However, I want to get things done without gutting my health, and therefore I will workout the first thing in the day. That way, even if on some days I work till late, I’ve already done my exercise and taken care of my body.
By the end of 2021, I want to be 8 kgs below my current weight, and nurse my body back to strength, endurance, flexibility, and stability.
I love writing every weekend on my blog. This creative release feels meditative, makes me feel joy, and makes me look for to Sunday mornings (very much like this one where I’m currently editing THIS section of the post).
In 2021, I want to expand my blog into more topics. I believe I have a lot to share with the world, and I want to continue delivering content that is actionable and can meaningfully help people in making progress in their lives or business.
There are a few topics I’m toying with:
I will pick one topic at a time and drill down on it, trying to capture everything that I know about it that has helped me and can help others. This content will be besides my general life and business philosophical posts.
By the end of the 2021, I want to help improve the lives of 100,000 people through my blog.
Building an audience on Twitter has compound benefits, especially the hidden ones that you can’t account for due to serendipity. I believe I am delivering great value on Twitter - the product is good. But not enough people know about this product, me.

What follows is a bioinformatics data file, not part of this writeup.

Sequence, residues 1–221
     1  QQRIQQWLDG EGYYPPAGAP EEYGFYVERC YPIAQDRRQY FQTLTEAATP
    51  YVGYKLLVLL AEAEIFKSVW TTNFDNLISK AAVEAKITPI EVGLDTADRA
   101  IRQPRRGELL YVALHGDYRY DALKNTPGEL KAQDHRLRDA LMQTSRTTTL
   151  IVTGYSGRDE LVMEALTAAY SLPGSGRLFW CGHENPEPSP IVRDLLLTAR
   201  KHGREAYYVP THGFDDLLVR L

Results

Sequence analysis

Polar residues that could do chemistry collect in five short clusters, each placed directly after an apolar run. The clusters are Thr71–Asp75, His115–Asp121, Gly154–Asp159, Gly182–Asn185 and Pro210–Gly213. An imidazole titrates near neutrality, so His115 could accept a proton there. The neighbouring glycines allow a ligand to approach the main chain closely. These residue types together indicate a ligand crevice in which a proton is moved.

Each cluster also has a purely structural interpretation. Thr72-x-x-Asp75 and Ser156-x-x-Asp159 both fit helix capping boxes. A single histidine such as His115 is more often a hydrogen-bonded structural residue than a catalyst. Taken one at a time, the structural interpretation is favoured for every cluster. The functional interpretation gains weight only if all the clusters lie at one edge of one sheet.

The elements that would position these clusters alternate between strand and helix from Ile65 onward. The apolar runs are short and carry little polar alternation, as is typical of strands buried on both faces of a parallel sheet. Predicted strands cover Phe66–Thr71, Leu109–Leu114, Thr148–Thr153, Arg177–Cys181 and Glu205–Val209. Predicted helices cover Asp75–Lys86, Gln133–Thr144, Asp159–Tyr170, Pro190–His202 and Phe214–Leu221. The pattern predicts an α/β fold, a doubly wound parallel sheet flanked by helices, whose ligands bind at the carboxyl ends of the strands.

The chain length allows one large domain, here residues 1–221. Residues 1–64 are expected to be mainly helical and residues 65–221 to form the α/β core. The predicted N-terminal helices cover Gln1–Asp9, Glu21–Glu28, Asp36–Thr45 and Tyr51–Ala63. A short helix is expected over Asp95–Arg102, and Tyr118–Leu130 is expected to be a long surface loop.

I also believe I can further my Mission 1000 initiative by growing my Twitter audience to 10,000 followers and beyond in 2021.
To achieve that, I need to overcome my biases with social media, especially when it comes to posting short-form content and posting regularly.
I want to become a great marketer, and the best way to do so is to learn by doing.
I’m excited to work alongside people like Deb and Jay in the marketing team, build DelightChat into an iconic and widely recognized brand amongst Ecommerce merchants and operators in the DTC industry. And in the process, we will all grow individually as marketers.
Building a strong team and culture, understanding customers and building a world-class product, and learning how to distribute this product in front of thousands of potential customers are the core skills I want to sharpen next year.
In 2021, I want to
Everything I’m doing is aligned with the long-term goals in my life. I’m really happy about that and I’ll continue to live life that way in 2021 and beyond.
Want to read more? Check out my co-founder Sankalp's 2020 year in review post.
I also wrote a guide on how you can plan your year ahead. Give it a read if you're looking for a framework to make your planning process easier.